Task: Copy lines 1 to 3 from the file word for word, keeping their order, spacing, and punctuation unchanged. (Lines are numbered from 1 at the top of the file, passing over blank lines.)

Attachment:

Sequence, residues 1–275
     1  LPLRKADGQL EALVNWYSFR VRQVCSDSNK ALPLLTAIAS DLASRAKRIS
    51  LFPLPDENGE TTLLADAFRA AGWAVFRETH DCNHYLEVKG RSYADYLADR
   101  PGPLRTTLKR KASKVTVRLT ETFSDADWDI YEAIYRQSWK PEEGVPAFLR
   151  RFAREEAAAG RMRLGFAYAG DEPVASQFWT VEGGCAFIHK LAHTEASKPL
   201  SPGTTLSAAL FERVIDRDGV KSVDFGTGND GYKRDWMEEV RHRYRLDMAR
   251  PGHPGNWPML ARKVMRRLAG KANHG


Sequence, residues 1–275
     1  LPLRKADGQL EALVNWYSFR VRQVCSDSNK ALPLLTAIAS DLASRAKRIS
    51  LFPLPDENGE TTLLADAFRA AGWAVFRETH DCNHYLEVKG RSYADYLADR